For most of the year, analysts have been promising us that the slow rate of growth in corporate profits in the first six months of 2013 would be more than offset by stronger earnings in the second half of the year, thanks to what they confidently assured would be a strengthening economy.
By the end of the third quarter, analysts (as calculated by Thomson Reuters) were predicting earnings growth would be a mere 4.8 percent, well below the 8.5 percent growth they had predicted earlier in the year. That’s about where the forecasts stand today – as long as you exclude JPMorgan Chase from the calculation. Once you add their big loss to the mix, the figure falls to only 2.3 percent.
This leaves the markets with a big conundrum. On the one hand, stocks have rallied tremendously this year, gaining about 23 percent. On the other, earnings growth hasn’t kept pace, stuck at around the 4 percent level and, even if we see a blockbuster fourth quarter, is likely to remain in that range for the year as a whole. That means that the market rally has been in large part because investors are willing to pay more for every dollar in corporate earnings: The S&P 500 now trades at a whopping 19.5 times reported profits in the previous 12 months, significantly above the 15 times earnings that represents the long-term valuation norm.
That was just fine and dandy, as long as the forecast that earnings would see big gains seemed reasonable. In the absence of the second-half rebound in profits, however, it’s more questionable.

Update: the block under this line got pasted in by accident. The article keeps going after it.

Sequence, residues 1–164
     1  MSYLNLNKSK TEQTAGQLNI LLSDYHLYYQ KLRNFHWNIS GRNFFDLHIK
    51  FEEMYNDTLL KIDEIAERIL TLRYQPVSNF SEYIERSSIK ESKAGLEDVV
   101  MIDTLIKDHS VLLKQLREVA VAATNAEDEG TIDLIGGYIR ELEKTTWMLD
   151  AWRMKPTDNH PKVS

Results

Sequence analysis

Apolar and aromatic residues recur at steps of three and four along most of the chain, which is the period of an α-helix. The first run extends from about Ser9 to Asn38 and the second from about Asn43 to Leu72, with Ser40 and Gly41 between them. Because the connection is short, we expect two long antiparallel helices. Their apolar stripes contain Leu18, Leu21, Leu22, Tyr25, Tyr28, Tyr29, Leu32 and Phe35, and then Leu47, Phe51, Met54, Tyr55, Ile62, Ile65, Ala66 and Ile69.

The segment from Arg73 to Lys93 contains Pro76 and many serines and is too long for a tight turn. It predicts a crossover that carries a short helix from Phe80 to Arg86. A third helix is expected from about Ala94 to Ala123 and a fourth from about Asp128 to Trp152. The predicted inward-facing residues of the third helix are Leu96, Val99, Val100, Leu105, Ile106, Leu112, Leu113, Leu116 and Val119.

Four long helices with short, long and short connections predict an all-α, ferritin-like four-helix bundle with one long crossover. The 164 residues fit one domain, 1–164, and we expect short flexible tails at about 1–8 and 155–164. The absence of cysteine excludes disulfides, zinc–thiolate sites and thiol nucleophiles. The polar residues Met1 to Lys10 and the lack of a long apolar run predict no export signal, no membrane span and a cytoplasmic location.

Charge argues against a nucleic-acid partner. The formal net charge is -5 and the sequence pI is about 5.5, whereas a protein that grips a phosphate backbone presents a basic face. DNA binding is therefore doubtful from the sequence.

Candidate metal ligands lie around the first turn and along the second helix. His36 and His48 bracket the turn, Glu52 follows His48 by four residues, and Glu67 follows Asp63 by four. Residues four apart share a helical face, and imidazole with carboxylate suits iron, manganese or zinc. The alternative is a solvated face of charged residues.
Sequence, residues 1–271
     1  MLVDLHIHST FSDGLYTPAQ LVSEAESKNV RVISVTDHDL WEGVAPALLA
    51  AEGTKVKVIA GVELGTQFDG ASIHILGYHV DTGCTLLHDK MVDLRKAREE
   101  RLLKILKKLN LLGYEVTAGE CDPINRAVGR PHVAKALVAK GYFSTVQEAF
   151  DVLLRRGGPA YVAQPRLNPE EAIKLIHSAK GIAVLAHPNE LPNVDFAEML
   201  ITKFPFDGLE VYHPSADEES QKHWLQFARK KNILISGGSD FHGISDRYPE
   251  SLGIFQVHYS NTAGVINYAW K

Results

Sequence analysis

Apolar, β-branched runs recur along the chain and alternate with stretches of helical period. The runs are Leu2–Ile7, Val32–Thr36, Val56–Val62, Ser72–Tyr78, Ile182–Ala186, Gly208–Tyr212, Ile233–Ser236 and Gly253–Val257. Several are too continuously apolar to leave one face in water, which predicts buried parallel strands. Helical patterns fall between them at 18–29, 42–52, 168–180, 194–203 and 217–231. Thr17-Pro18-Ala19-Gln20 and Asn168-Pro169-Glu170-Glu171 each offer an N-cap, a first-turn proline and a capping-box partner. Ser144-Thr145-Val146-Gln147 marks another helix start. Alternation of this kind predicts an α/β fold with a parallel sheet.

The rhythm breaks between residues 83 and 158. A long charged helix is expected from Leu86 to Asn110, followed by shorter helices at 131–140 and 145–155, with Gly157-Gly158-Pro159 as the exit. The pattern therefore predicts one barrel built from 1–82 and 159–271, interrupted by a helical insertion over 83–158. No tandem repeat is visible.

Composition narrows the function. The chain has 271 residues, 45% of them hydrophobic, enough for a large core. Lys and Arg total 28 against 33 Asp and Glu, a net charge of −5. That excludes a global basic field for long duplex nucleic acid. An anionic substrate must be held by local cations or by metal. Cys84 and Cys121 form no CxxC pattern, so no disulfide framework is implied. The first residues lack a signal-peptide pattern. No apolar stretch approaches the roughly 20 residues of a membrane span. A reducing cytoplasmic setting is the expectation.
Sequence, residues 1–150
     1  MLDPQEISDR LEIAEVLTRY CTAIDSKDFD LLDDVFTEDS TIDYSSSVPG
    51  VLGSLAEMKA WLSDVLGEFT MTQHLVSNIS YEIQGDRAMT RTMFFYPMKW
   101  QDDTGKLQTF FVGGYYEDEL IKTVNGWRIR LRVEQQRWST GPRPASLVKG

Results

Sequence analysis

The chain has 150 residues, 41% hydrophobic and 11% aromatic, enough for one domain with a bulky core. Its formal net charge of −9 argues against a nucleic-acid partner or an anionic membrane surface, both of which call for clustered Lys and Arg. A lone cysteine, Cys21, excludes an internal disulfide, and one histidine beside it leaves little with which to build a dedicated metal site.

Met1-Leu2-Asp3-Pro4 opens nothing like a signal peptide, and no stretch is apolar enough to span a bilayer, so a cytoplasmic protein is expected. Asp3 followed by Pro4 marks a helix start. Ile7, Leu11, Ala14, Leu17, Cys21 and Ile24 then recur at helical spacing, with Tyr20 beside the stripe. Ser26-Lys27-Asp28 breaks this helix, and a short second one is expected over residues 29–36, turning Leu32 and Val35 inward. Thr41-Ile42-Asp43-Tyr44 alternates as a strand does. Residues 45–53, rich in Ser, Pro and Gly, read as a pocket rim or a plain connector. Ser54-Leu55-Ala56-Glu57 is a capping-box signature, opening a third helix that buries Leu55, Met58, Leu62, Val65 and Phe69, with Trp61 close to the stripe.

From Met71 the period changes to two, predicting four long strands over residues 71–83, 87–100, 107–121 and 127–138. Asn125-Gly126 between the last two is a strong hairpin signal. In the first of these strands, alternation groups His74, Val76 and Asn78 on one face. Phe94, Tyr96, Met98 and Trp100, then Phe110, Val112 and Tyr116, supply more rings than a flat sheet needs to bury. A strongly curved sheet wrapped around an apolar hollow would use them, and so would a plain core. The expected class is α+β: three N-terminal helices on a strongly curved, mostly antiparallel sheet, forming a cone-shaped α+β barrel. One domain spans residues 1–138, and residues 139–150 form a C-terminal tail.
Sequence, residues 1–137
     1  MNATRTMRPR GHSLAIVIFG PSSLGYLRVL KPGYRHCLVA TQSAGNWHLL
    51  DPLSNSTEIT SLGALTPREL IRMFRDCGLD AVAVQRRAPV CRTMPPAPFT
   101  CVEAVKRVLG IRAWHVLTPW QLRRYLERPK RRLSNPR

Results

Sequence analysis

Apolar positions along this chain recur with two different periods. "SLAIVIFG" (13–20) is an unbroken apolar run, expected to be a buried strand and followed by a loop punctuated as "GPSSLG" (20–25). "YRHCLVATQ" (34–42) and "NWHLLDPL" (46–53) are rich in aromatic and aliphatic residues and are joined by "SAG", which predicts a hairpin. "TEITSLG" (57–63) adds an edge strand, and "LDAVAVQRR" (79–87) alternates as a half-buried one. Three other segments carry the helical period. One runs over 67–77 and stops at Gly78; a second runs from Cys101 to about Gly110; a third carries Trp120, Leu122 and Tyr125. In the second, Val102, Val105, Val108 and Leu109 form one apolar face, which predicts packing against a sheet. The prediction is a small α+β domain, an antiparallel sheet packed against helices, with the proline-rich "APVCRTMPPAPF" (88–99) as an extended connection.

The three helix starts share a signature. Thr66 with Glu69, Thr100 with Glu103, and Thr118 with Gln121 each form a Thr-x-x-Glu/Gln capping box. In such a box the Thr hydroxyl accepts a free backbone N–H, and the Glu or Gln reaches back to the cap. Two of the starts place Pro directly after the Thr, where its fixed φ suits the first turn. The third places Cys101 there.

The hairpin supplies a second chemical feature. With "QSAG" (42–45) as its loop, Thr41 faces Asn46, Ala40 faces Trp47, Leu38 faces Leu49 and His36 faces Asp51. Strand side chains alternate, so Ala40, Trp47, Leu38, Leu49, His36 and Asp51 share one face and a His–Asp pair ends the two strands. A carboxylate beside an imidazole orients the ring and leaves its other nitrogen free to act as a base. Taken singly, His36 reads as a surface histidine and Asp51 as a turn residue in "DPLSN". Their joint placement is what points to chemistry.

A NEW ROUND IN THE BLAME GAME
Sometimes, companies cite logical and reasonable reasons for why they can’t deliver the kind of profits they had promised their investors. A case in point is Europe’s recent economic meltdown. Companies like Starbucks that had pushed forward with expansion plans in Europe suddenly found themselves with new fixed costs and a slump in demand as cash-strapped Europeans dialed back their discretionary spending. That’s a no-brainer.
In other cases, companies playing the “blame game” have raised more than a few eyebrows. Back in the 1990s, the O.J. Simpson trial was blamed by a handful of companies: Apparently, people spent so much time glued to their television screens, they weren’t shopping enough. Weather that is too bad – cold or rainy, keeping people indoors – or too good, tempting folks to hang out in their backyards rather than head to the mall, is often cited by retailers, even those whose fashion offerings may be off-trend and more to blame for a slip-up in sales or profits.
Go back to 2007 and you’ll see what I mean. Back then, the subprime crisis was already gripping the financial sector, and sure enough, affecting earnings, with Merrill Lynch writing down its inventory of subprime mortgages. It was a little odd, however, to see IBM blame what was happening to its financial services customers for the fact that its hardware sales didn’t measure up to expectations, even though its overall profits rose significantly more than did most of its peers in the S&P 500 index. And was the subprime credit crunch really responsible for a crunch in profit margins at Hershey? Certainly, the candy company seemed to want to convince investors that it was, arguing that its distributors placed fewer orders because rising interest rates made holding inventories more expensive.